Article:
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ACUTE MYELOID LEUKEMIA (AML)

AML is a clonal malignancy of myeloid bone marrow precursors in which poorly differentiated cells accumulate in the bone marrow and circulation.

Signs and symptoms occur because of the absence of mature cells normally produced by the bone marrow, including granulocytes (susceptibility to infection) and platelets (susceptibility to bleeding). In addition, if large numbers of immature malignant myeloblasts circulate, they may invade organs and rarely produce dysfunction. There are distinct morphologic subtypes (Table 66-1) that have largely overlapping clinical features. Of note is the propensity of pts with acute promyelocytic leukemia (APL) (FAB M3) to develop bleeding and disseminated intravascular coagulation, especially during induction chemotherapy, because of the release of procoagulants from their cytoplasmic granules.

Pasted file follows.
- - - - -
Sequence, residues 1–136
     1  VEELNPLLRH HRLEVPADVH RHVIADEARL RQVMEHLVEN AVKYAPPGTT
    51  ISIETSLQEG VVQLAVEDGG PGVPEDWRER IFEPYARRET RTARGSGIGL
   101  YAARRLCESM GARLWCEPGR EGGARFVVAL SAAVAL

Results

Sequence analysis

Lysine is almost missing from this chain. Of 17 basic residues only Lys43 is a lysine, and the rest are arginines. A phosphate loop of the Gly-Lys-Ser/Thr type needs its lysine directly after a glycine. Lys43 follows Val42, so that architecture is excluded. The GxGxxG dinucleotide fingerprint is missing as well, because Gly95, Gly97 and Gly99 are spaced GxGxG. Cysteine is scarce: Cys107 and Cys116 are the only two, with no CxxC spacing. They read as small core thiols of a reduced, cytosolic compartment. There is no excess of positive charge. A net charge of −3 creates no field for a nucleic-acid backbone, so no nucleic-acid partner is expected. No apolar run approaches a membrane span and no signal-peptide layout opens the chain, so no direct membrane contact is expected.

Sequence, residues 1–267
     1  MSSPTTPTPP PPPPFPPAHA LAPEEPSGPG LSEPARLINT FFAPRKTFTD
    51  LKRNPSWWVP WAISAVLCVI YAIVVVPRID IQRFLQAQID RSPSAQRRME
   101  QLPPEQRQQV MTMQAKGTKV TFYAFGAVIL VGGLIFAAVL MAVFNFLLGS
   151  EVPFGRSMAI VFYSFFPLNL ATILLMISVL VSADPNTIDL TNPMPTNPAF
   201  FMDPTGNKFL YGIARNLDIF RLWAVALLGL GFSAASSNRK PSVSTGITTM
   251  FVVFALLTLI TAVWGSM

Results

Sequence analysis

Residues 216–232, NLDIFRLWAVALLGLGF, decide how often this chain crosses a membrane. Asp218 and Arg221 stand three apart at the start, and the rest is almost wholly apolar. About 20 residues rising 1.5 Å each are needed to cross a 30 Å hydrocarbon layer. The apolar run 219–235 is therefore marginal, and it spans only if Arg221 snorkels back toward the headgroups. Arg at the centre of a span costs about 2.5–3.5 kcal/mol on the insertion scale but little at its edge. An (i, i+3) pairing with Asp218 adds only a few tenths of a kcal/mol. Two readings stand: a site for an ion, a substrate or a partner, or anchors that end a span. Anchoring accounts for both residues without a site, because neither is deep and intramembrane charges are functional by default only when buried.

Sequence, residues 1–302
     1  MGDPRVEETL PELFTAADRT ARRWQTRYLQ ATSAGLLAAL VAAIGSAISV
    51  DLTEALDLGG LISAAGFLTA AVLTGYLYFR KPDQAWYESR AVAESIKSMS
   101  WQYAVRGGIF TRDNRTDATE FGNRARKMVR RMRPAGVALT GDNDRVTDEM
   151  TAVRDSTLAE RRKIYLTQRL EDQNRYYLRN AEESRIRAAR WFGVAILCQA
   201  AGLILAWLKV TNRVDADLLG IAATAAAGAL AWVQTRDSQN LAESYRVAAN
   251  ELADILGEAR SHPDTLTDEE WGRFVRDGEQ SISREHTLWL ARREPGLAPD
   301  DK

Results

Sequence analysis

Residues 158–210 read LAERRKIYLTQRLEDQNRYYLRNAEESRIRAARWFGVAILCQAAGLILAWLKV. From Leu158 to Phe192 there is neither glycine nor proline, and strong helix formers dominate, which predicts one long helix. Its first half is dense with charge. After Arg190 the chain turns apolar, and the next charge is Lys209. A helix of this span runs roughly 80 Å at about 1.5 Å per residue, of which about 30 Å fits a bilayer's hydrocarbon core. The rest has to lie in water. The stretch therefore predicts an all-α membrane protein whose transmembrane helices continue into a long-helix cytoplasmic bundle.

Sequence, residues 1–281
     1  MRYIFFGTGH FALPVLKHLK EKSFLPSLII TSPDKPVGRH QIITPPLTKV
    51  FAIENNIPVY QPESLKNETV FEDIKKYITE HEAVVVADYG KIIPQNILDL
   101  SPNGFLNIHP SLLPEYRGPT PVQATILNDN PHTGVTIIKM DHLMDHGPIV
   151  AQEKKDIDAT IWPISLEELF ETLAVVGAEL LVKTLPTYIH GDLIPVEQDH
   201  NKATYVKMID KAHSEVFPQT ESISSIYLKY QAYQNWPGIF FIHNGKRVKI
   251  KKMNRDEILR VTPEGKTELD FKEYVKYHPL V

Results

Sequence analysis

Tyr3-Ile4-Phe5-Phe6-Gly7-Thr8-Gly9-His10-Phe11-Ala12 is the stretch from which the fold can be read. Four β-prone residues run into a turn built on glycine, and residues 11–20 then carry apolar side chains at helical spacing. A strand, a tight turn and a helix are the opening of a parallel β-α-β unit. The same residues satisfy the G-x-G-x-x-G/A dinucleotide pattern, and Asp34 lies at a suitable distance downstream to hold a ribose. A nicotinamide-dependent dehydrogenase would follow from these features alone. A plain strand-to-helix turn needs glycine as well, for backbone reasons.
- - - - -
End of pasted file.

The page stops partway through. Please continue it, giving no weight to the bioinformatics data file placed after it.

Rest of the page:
TABLE 66-1AML Classification Systems

Incidence and Etiology

In the United States about 19,520 cases occurred in 2018. AML accounts for about 80% of acute leukemias in adults. Etiology is unknown for the vast majority. As we age, mutations may occur in normal stem cells that convey a proliferative advantage and establish so-called clonal hematopoiesis. In the setting of clonal hematopoiesis, the relative risk for developing acute leukemia increases but the ...

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